The Open Society European Institute (OSEPI) and the European Consumer Organisation (BEUC), along with a diverse group of experts, activists and civil society organisations including Liberties, have released a report focusing on the perspectives of a human-focused digital transformation.
“The disruption of new technologies has triggered entirely new challenges for institutions and regulators, who are increasingly asked to address the impact of the digital revolution on society, protect user rights and agency, and establish the conditions for an open, fair digital market to flourish and stimulate innovation that benefits society. In this age of rapid transformation and an increasing loss of trust, the European Union has a unique opportunity to shape the digital transformation and position itself as a global leader and ambitious norm- setter that puts people and the public interest back at the centre of the 21st century revolution,” authors Ursula Pachl (BEUC) and Pamela Valenti (OSEPI) write.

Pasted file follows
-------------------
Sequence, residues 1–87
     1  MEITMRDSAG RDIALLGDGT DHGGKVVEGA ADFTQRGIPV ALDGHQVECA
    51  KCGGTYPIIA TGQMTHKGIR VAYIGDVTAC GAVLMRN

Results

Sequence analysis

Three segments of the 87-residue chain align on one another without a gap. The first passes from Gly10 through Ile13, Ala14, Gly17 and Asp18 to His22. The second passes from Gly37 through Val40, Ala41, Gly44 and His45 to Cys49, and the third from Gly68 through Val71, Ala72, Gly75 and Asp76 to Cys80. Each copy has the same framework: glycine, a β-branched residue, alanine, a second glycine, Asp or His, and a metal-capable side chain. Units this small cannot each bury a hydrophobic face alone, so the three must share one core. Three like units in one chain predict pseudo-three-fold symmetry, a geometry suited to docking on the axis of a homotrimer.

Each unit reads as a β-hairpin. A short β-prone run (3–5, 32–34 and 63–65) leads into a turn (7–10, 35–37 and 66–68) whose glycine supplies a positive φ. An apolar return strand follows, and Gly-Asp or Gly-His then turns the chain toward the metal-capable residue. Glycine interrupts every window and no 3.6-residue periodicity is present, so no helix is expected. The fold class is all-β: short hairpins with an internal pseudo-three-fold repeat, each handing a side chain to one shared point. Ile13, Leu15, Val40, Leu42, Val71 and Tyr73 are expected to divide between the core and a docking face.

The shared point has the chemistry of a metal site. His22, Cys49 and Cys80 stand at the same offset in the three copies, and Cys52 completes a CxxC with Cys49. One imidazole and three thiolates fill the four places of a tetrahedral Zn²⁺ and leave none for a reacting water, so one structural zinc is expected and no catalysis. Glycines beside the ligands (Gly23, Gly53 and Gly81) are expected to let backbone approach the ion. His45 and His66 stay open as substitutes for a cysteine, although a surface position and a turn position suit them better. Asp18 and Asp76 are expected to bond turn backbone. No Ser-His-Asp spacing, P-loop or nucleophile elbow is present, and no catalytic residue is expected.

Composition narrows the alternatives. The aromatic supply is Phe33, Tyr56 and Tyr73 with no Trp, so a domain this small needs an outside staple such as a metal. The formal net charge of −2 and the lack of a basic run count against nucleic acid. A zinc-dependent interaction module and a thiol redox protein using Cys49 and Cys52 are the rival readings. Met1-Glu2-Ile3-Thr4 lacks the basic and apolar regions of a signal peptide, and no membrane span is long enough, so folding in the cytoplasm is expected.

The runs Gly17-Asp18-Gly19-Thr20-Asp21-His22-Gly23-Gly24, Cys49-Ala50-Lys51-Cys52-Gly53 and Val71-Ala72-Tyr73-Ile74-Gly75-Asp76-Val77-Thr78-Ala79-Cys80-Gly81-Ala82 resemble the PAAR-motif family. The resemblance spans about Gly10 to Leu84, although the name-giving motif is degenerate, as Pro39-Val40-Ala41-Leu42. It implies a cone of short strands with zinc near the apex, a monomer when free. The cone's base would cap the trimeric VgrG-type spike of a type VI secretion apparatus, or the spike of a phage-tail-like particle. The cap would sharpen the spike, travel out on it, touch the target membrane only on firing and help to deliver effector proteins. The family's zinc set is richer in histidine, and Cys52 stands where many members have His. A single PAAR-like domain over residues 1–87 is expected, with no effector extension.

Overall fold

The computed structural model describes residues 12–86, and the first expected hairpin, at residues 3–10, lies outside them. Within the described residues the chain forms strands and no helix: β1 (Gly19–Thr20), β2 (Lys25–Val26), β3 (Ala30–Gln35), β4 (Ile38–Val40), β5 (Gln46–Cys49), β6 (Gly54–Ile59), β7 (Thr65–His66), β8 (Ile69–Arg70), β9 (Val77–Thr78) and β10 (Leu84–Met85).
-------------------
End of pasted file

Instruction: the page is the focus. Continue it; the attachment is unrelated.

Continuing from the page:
They argue that the next European Commission should move beyond the current focus on the digital single market and individual privacy to look at the wider societal impact of digital technologies.
A strong commitment to rights-based policies and regulation based on the principles of human dignity, freedom, democracy, equality, rule of law, human rights, solidarity, justice, inclusion and non-discrimination underpinning the EU Charter of Fundamental Rights will be paramount to ensure that existing offline rights are protected online.
As a result of the wide-scale collaboration, the paper identifies eight priority areas:
- Democracy, Fundamental Rights and Consumer Protection
- A Fair and Competitive Data Economy
- Public Services and Public Funding in Research and Digital Technologies
- Competition Policy
- Artificial Intelligence and Algorithmic Decision-Making (ADM)
- Jobs, Employment and the Future of Work
- Digital Rights in EU Trade Agreements
- Human-centric Technology for Social Good